The official website of CEDIA Expo (Emerald) is: cediaexpo.com.
Find out all about Future plc (Residential Systems) by visiting: futureplc.com.
See all there is to know about IFA (Dealerscope, Connected Design, CE Week): b2b.ifa-berlin.com/en/.
Simon Spears says
Transparency, accountability, and communications.
Who knows best what is good for the members of CEDIA?
First a little history. From its inception CEDIA’s remit was to provide information and education to anyone involved with the design and integration of electronics in residential installations. Critically, from a manufacturer’s perspective, it was fundamental that those using their products knew how to use them and what they did. Training was fundamental to the success of the companies making the products. The relationship was, and is, symbiotic.
Early on it became clear that an independent organization was needed to provide a platform for the dissemination of knowledge and information relating to all aspects of this growing market sector. Enter CEDIA USA, CEDIA France, CEDIA Australia and CEDIA UK and the associated events that brought together people who needed to know about the products and services that related to their business’s.
CEDIA offered independent training and educations classes, not brand specific, on all aspects of the business of designing and installing custom electronics, from highly technical issues to “How to Sell to Rich People”.
These events drew increasingly larger audiences, and, like a snowball they grew, attracting more and more manufacturers (known as Associate Members) and more Full Members (the owners and staff of the companies selling the products and services). CEDIA Expo’s quickly became the largest source of income for the Association, allowing growth and an expansion of the services offered to its members.
The interests of the members of the Association are represented by the Board of Directors, independently elected by the Full Members. Serving two-year terms, the members of the Board set the direction of the Association and oversee all activities, they are not paid and volunteer their time, expertise, and energy for free. What motivates people to join the board has, in my experience, almost always been an altruistic desire to see the Association thrive and deliver greater and greater value to the members. There is no requirement to ask the members for their approval when decisions are made. Members have voted for their opinions and needs to be represented by their appointed Board Members. This is the only way for the Association to manage their business on a day-to-day basis. Having said that, the sale of the CEDIA Expo, the primary source of income and, what many members believe is at the heart of the Association, shocked everyone. It may have been the right decision, the offer being “too good to refuse”, but the lack of communication and transparency during and after the sale was, in my opinion, an abdication of responsibility to the members.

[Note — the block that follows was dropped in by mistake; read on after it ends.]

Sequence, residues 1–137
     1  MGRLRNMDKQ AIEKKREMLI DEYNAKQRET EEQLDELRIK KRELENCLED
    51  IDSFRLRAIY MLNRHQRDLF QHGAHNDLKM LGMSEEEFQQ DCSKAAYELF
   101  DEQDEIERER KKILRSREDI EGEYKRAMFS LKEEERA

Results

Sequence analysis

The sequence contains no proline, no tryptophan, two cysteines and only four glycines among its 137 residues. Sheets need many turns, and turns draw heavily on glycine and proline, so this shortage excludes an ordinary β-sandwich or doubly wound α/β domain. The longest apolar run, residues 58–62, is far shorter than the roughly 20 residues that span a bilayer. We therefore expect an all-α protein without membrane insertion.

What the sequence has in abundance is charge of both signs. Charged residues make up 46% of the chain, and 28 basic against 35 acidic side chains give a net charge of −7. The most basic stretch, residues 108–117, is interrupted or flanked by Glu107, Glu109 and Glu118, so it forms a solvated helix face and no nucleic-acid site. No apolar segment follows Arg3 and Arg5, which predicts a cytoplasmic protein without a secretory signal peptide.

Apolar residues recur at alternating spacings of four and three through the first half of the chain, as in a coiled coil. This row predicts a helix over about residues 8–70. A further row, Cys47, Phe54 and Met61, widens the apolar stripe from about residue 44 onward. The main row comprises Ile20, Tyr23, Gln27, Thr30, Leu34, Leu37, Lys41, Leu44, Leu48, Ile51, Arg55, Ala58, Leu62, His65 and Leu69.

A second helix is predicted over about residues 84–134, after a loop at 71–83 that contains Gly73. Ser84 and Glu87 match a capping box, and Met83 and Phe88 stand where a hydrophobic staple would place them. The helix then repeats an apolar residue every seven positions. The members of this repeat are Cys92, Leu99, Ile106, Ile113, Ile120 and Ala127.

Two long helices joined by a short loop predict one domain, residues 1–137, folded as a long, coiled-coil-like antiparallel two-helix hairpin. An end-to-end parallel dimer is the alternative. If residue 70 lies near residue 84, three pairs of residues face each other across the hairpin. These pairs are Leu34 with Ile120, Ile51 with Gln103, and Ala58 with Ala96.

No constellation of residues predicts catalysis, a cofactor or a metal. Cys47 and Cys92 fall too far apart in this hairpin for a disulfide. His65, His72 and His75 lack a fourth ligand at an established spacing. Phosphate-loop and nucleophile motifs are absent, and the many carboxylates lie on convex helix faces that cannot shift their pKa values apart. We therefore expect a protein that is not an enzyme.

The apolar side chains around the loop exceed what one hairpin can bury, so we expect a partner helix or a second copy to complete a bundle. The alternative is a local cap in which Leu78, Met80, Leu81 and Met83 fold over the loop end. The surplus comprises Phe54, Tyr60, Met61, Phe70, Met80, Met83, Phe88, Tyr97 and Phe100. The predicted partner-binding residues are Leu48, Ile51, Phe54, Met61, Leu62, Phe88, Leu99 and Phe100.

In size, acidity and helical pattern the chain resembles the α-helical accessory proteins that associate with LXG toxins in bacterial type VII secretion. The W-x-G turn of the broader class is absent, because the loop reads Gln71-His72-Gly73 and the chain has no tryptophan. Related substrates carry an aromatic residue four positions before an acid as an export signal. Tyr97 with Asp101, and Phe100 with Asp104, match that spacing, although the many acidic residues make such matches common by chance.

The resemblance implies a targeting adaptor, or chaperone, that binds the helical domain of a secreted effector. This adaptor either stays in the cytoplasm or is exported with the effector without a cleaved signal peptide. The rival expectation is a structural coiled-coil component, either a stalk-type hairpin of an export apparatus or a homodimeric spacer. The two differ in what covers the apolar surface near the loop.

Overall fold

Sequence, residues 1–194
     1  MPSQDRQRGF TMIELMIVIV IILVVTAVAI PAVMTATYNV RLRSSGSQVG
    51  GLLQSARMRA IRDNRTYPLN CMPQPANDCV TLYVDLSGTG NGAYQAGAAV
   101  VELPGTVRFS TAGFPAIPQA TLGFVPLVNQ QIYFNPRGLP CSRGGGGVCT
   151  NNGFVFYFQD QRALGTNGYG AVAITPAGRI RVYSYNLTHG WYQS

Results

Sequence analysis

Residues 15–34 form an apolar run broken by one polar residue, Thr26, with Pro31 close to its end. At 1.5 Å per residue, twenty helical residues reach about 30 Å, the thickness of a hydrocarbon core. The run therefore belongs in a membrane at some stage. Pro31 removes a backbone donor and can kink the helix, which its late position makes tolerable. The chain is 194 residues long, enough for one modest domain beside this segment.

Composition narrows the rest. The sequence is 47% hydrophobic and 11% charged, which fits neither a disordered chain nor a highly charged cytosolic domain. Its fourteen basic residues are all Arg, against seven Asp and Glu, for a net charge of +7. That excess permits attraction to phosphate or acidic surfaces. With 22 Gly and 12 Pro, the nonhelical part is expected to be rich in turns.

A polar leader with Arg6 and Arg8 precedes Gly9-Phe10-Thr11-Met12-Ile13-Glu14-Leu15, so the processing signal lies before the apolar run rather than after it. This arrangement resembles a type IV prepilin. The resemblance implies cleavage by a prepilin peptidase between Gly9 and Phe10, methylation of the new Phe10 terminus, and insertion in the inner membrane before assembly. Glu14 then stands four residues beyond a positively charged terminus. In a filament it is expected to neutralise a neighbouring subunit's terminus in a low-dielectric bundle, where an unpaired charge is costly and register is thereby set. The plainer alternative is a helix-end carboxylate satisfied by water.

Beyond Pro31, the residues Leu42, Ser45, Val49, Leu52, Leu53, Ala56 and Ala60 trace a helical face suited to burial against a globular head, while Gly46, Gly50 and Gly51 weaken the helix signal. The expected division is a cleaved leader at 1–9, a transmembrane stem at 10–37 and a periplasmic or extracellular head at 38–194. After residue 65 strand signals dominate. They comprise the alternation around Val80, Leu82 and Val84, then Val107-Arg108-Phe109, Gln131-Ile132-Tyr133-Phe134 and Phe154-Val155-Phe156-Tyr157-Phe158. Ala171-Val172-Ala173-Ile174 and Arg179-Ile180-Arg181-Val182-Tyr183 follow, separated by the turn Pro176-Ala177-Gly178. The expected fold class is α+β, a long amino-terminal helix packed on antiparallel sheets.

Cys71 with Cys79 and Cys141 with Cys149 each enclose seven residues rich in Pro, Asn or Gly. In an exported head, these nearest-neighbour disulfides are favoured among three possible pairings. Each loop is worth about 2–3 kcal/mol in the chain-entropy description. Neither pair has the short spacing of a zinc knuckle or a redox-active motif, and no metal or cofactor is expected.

Emerald has no responsibility to the members of CEDIA or the Association itself. They can stop CEDIA from holding any event anywhere in the world using their own name. They can take the ‘brand’ anywhere they want regardless of the affect on the Association. Allowing them to take the brand and do what they want with it with no oversight or control cannot be in the interest of the members who own the Association.
I suggest we need a statement from CEDIA re-stating the goals of the Association and how they are to be achieved without undue influence from external forces such as Emerald. We should ask to see the terms of the sale of the Expo and what restrictions the Association committed itself to. Clarification and transparency need to be communicated to everyone in the Association and the industry.
Simon Spears – Former Operations Manager at CEDIA UK and recipient of CEDIA’s ‘Dedicated Services to the Industry Award’
BUSSER BILL says
May be time for another 1st show in Amelia Island again.